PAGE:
Note: this is a series on making a digital health startup. The first post is here.
Last week we talked about failure rates within startups. This week we’ll shift to the business-to-business side of digital health, and we’ll talk about the difficulty of B2B.
Many startup CEOs are tantalized by selling to a large business (“B2B” or “enterprise”), such as a hospital or insurance company, for a few reasons. First, with a very small number of sales, one can immediately reach massive scale. If you get a contract with United Health, for example, you have the potential to reach millions of individuals across the US practically overnight. Second, B2B sales sometimes feel more rational and economics-based than having to deal with the whims of the fickle consumer. If you show your product works, the theory goes, an enterprise will buy…whereas the consumer cares about annoying things like branding and buzz, and how can anyone build a business based on such fragile things? Third, consumers have not traditionally been direct purchasers of healthcare products for the past 50+ years (because generally folks buy insurance and then the individual products / services they consume are “covered” by the insurer), so there’s a general feeling that consumers are unwilling to pay for healthcare…which means startups must sell B2B if they want to be successful. “Consumers don’t pay for healthcare” is a common refrain in the medical technology world.
All of these are true, but selling B2B also has its disadvantages. The first major disadvantage is the length of a sales cycle. The traditional sales cycle (the time from first contact to closed deal) can be as high as eight to 12 months, and rarely is it fewer than six, unless the company is small or the need is urgent. Eight to 12 months can be a lifetime in startup years, so it’s difficult to rest one’s future success on a B2B contract.
Second, big companies tend to have numerous layers of management, and many of these layers need to support you in order for you to get a contract. Further, these layers often disagree with each other, often by design. For example, an innovation office might want to pilot a new app, but the financial office doesn’t want to pay for the pilot. The call-center team might want to test a new software that improves efficiency, but the operations team doesn’t want to be responsible for integration. The surgery team might want to experiment with a robot that does anesthesia automatically, but the anesthesia department doesn’t want to lose jobs, and the medical office is worried about lawsuits from botched robot-anesthesia. And while most of these departments will need to support you in order for your technology to get approval, almost any can singlehandedly sink you. See Regina Herzlinger’s brilliant Six Forces framework for more details.
Third, big companies in general don’t want your product. In healthcare there’s sometimes an assumption that if a product functions, enterprise customers will buy it. For example, let’s say someone’s invented a new stethoscope that’s internet-enabled and syncs with an iPhone. From the perspective of the entrepreneur, it’s a slam dunk: the device can plug directly into a hospital’s EMR, and images can be saved and analyzed over time. Eventually heart analysis can become automated, saving the healthcare system tremendous money and improving care. It’s a win-win; why wouldn’t every hospital want it?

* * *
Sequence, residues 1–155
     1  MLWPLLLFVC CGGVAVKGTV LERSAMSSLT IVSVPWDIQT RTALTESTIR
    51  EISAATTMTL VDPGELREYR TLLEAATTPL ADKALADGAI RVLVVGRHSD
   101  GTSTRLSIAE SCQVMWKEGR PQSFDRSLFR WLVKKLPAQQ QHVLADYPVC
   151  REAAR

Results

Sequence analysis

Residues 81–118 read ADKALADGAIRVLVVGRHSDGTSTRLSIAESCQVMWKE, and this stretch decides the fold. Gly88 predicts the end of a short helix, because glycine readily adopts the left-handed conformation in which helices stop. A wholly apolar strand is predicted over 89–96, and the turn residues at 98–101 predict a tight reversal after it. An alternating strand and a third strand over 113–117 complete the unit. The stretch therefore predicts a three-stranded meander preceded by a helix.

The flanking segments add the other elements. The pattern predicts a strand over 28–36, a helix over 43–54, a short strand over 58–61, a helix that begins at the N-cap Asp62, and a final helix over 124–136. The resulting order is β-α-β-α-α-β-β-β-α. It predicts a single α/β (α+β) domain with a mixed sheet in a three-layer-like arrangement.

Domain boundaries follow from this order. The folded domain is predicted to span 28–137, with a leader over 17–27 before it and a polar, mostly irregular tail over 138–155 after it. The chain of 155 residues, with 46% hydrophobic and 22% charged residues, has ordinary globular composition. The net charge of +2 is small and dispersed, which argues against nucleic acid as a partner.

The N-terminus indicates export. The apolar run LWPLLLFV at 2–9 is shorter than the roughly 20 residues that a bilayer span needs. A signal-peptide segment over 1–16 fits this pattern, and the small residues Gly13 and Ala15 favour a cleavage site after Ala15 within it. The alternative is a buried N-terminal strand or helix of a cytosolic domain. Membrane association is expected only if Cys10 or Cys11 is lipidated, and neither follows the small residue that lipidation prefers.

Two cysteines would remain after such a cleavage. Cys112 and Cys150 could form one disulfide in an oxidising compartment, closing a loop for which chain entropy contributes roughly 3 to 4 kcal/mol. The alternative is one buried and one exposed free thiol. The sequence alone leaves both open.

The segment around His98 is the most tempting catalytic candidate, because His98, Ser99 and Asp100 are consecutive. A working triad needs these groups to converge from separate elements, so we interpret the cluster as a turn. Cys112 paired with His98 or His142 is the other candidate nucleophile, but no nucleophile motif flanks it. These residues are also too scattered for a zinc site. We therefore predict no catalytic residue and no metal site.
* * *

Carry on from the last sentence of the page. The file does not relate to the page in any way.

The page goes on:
Well first of all, overworked MDs are probably happy with the stethoscopes they’re used to, and they likely won’t want to switch unless you give them a compelling reason, or force them, or both. The operations department has to deal with another integration. The legal division needs to make sure data is routed appropriately and that there aren’t HIPAA violations. The financial office doesn’t want to pay the extra cost of the internet-enabled stethoscopes. And the procurement office has an existing relationship with the current stethoscope vendor, and now they have to set up a new billing plan. As an entrepreneur you think you’re making a product that will make the world better, but in fact you’re just creating a bunch of problems.
People are always trying to sell things to hospitals and insurance companies. You think you’re the only internet-enabled stethoscope and so competition must be limited, but in fact you’re competing with every other product the procurement office sees that quarter, from new gauze to an improved fMRI machine. A company has limited capacity for experimentation (because, for example, there are only so many operations people who can handle integrations), so you are fighting with all these other companies for one of these limited resources.
And then the Board of Directors meeting happens. It turns out the Board is becoming impatient with these new pilots and experiments in the Research & Development division, and they state that they want to see financial results within two quarters. Now the division chief evaluates every project according to its projected return-on-investment (ROI), and she abruptly cancels every project that can’t demonstrate its ability to general meaningful revenue increases or cost savings within six months.
But you’re an early stage company! How can you demonstrate ROI within six months if your clinical trial needs 12? We’re sorry, they say — we just can’t take on that level of risk at this moment.
So selling into large companies is often a scary thing.
Next week we’ll go into a little more detail about why selling medical treatments is hard.